I sense that, after bouts of depression in his earlier days, his heart must have been supported by this. He meditated, recollected and maintained contact with Sangha long after his retirement – until his dying day at the age of 89. Having being informed that he had a fatal aneurysm, and accepted that death was on its way, he woke his son one night to say ‘I think it’s happening.’ His son wanted to call an ambulance, but George, feeling it was too late, held his son’s hand, and consoled him saying, ‘It’s alright, it’s alright…’ as he passed peacefully away.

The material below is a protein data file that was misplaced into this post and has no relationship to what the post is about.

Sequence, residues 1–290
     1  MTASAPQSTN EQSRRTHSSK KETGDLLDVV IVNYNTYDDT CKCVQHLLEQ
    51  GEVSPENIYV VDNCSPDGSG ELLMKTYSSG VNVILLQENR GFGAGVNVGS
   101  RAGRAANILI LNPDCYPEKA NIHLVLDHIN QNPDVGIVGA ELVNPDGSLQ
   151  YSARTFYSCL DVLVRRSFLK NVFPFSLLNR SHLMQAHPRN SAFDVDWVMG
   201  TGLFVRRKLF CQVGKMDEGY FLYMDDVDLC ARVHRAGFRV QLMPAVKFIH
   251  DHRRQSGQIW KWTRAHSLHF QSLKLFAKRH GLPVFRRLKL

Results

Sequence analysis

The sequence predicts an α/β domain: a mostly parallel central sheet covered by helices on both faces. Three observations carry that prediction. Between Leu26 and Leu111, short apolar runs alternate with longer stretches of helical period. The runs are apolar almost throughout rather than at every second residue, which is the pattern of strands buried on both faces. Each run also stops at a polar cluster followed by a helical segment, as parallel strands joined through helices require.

Good Buddhists know how to die well. The last couple of years, supporters whom I’ve seen as inspiring monuments have passed away: Mudita, owner of a Thai restaurant, who had a road-to-Damascus transformation on meeting Luang Por Chah. That was the end of night-clubs and drinking, and the beginning of 40 years of regular practice and providing requisites to monasteries. (She also established The Mudita Trust, which was set up to support poor Thai families so that their daughters didn’t go into prostitution.) Diagnosed with cancer at the age of 84, she declined chemotherapy, with the comment ‘I’ve lived long enough.’ After her death, Tan Nam passed away. He was formerly secretary to the Sangharaja of Cambodia, who left that country with his young family and suitcases just before the Khmer Rouge holocaust. Finding asylum in Britain he held his family together, opened a grocery store, organised events to unify and heal the various factions of the Khmer immigrant diaspora, and presided over the big alms-giving occasions in the monastery. Another great friend, Noy Thompson, recently passed away cheerfully and serenely age of 91, having supported monasteries, worked on and attended retreats, and providing funds to set up The Dharma School in Brighton (now sadly defunct). In this same year, Mae Cham Peng, the Laotian matriarch and a treasure of joy, passed away …. It goes on.